By the way, just wanted to say I've been following your blog for a while, and I really like it. It has inspired me to start my own (http://asiannie.blogspot.com/) as well, first to recall my year spent in Asia; and also, because I'll also be moving indefinitely to Hong Kong in 6 weeks (while it is not the main reason, I cannot say your blog did not influence my final decision on this regard! ^_^ )., so I thought I would write about my experiences too.

Anyways, take care Jonna and keep up with the good work!


Annie

José Carlos Costa Reis e Silva said...

I live in china for 10 years. A chinese lady commented that in the USA no one is polite. Everyone pays his/her own bills at the restaurant and no one invets anyone else...

MKL said...

Yes, Jonna, you should be more persistent :P Lesson learned, haha..

Jonna Wibelius said...

pingu -maybe next time u r having the fight u should ask each other: "why are we doing this?!" Because u already know who's going to end up paying the bill, right?

Anonymous -hahahhaha, I would love to say thanks but it feels so wrong... "哪里哪里阿, 我中文没有那么好。(I think I'm damaged forever?)

Nicki -yeah good point. I haven't figured that one out either. Hence why I have ended up with numerous drinks at people's houses that I don't really want... But I still drink them to be polite :)

马麟 -never play polite?! yeah, I guess there are all kinds! :) The Suzhou buses are enough for me to handle at this moment, thanks!

Lianne -yeah, totally different culture compared to where I am from. If someone over there says: "It's on me!" everyone else goes: "ah, that's so kind! thank you!"

Kanmuri -when people get seriously offended I get a bit scared... But yeah, it really is a big thing here. The host is supposed to pay!

Carl -it is interesting! I never realized how many things are really like this over here until yesterday on that bus when I started thinking about it. Chinese culture is really interesting indeed.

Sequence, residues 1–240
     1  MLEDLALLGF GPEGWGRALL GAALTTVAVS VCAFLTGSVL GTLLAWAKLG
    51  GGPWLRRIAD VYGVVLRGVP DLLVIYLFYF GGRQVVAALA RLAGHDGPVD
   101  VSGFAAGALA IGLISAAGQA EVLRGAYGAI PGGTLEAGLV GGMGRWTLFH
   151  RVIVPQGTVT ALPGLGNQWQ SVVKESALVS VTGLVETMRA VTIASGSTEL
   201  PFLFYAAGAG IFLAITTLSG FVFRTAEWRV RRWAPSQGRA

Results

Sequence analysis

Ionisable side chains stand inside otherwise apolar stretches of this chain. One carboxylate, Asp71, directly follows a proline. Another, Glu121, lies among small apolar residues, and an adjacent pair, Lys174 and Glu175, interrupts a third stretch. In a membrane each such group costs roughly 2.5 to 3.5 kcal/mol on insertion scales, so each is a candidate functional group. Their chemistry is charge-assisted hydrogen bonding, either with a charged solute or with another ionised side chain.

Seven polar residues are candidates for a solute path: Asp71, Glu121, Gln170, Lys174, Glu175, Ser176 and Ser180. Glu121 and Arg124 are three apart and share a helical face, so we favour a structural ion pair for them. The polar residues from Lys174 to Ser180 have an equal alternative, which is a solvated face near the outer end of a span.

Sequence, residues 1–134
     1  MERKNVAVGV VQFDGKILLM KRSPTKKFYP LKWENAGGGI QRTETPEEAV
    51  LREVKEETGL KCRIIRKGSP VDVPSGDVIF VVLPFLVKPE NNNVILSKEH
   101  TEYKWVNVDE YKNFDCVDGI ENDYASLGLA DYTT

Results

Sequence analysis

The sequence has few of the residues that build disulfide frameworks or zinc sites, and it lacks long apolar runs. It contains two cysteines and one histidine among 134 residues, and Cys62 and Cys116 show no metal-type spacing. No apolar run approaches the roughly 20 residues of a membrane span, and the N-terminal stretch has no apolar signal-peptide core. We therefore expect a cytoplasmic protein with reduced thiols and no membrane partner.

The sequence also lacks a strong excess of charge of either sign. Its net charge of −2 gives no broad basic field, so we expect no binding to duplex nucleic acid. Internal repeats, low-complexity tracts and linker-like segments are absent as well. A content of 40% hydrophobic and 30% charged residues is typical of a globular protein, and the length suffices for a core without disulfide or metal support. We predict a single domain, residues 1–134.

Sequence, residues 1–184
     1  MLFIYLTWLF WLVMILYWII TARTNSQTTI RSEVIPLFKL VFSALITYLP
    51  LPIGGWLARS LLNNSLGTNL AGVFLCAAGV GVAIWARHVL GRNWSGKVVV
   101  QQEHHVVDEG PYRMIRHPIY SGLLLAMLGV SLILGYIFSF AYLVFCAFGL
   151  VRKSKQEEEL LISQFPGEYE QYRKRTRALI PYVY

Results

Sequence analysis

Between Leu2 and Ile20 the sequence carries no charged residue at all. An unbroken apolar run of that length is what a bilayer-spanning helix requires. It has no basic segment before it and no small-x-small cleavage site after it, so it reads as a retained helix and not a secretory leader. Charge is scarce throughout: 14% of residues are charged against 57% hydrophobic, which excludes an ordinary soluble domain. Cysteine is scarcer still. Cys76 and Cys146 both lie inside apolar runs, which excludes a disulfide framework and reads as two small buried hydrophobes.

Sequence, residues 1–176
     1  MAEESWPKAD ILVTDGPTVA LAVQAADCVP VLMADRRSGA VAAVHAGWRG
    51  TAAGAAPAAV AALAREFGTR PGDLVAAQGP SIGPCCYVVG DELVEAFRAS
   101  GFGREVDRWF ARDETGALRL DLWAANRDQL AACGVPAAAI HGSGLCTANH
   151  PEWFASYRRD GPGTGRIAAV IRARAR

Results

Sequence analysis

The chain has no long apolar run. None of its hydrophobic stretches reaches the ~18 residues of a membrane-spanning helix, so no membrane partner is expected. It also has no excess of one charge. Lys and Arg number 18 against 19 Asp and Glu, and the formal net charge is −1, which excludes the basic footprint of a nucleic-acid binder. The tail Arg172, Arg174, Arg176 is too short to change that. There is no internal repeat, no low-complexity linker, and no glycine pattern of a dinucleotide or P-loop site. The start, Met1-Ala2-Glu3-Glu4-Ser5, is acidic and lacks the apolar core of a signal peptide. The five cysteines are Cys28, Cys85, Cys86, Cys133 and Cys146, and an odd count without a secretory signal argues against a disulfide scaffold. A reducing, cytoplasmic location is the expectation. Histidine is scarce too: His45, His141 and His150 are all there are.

Anonymous -sometimes when I take taxis I tell the drivers to drive slower... I am not sure it would work with those bus drivers though... Fortunately there are rarely ice on the roads in SZ.

Annie -ah that is so nice to hear! I am happy that u have started your own blog! I'll make sure to check it tomorrow! Moving to HK huh?! Exciting! I hope it all goes well! I might also make a move in the near future.. let's see!

Jose -yeah that sounds like Sweden.. No one pays for anyone but themselves simply because it is too expensive to treat others.

MKL -I guess I should. OK, next time!

Maverickml said...

It is an interesting experience to read your blog even for a Chinese, those little things I will never notice if they weren't pointed out.

Anonymous said...

Don't know if you noticed but you've written "nail" instead of "nali" a couple of times in your post=P Love your blog by the way - you're a great writer!

Jonna Wibelius said...

Maverickml -that's great to hear! just what I am aiming for. I don't want to step on anyone toes, rather just point out differences.

Anonymous -whoops, thanks for pointing that out! Sometimes these posts are created in a bit of a morning rush... ;) Thanks for the compliment. Having someone tell me they like my writing makes my day! :) I love writing!

Igor Prawn said...

Same in Burma, where I once lived. I asked a Burmese friend the reason. He said it was so that the receiver of the gift/favour wasn't placed under any obligation to the giver - to take a gift creates a patron-client relationship, with the obligation to repay the gift at a future date. The haggling establishes that no such obligation exists.

Anonymous said...

What a great resource!